So this is interesting. The leadership in Banff showed their caring and strength by asking people to stay home and not visit. This from a town that is built on and relies deeply upon tourism. So far people are respecting that and a curious thing is happening. The animals are taking back place. Cougars, packs of coyotes and herds of elk and deer are roaming the streets. As we push into spring it will only be a matter of time until the bears join the fray.
Thank you everyone, for respecting, abiding by and promoting staying at home. And when you must go out, please don’t be like these wolves, give others space. It’s for the health of all of us.
Ok, so it wasn’t quite like this, but our reaction to seeing an enormous wolf 125 yards from our golf cart wasn’t nearly as smooth, organized or as cool as when we saw a black bear (see that here). The elk and deer are back in town for the fall season and with them follow the larger predators. A young elk nearly side swiped one of our carts as we enjoyed a morning on the Stanley Thompson golf course. A moment later I looked to my right and saw a beautiful male wolf circling around us. At first the sheer awesomeness of it took me aback and I immediately reached for my iPhone to talk a snap. It was only after I realized it was looking for that elk calf and now potentially was sizing us up as a meal that I got worried. Amidst some screaming and panicky back and forths in the golf carts, we did get our act together. There is lots of literature out there for what to do when one encounters elk or bear but precious little about wolves (probably due to the fact that it is incredibly rare to get close to one). What follows then is our field tested advice on what to do when meeting a wolf on hole three: Immediately get together. Make lots of noise. Get into your golf carts and drive side by side AWAY from the wolf. Brandish a three wood if convenient.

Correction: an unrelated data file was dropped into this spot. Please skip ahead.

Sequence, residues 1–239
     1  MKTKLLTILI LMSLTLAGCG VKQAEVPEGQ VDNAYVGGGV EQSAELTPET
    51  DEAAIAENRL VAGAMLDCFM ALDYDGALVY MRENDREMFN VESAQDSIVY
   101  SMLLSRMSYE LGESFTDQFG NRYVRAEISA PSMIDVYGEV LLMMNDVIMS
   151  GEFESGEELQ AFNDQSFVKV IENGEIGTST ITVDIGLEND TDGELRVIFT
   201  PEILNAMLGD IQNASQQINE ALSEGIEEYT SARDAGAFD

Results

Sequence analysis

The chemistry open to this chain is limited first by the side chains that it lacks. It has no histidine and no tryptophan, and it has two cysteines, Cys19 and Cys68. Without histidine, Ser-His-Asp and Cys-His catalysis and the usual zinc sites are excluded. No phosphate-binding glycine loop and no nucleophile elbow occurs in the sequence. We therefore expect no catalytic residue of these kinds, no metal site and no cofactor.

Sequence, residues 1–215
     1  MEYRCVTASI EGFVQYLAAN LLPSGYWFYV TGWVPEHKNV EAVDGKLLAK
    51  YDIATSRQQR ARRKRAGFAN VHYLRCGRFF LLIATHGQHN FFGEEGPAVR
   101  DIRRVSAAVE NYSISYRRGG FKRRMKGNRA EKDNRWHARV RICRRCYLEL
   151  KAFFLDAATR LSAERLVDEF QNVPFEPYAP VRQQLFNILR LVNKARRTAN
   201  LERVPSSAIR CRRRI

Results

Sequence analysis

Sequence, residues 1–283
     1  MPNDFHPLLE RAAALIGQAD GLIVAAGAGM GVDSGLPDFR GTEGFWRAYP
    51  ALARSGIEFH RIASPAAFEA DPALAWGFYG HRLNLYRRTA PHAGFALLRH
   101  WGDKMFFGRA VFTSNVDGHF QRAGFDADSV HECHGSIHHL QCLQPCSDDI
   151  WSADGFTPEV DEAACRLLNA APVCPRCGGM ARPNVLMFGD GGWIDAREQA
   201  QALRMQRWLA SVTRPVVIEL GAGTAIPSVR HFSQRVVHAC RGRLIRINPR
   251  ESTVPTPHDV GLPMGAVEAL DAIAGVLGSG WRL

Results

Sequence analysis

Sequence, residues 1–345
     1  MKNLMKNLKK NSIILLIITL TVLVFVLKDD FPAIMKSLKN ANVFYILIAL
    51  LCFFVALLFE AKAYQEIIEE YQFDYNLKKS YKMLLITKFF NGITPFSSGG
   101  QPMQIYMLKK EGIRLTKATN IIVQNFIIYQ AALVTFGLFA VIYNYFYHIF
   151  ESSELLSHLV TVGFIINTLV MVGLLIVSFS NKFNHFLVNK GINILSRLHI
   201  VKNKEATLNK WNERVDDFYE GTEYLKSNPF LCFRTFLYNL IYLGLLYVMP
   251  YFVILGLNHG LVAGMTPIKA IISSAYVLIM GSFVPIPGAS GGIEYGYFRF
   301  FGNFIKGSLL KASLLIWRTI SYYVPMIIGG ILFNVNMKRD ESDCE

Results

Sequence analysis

What is it with me and animals around here in the early morning? And this after narrowly missing coming across a grizzly bear on a trail (another runner hollered at me to not go any further down a path). Yeesh.
The transition from city life to mountain life has at times been a little… rocky. We’re getting there though and it certainly provides good fodder for storytelling. The following sketches chronicle a few of the experiences we’ve been having. Enjoy.
(I’ve since realized these are probably ravens but they’re still friggin’ massive…)
(The coyotes here are extremely healthy, due in large part to the fact that they have an abundance of bunny rabbits on which to dine.)
(I saw my actions and comments as supportive and encouraging in an effort to get him through a tough run. He evidently saw it differently.)
(On another run when I rounded the corner and came across these three beauties. The literature advises you to stop, hold your position or to back away. I let them cross and then continued on. Apparently they’re docile now. Spring and fall they turn into right buggers.)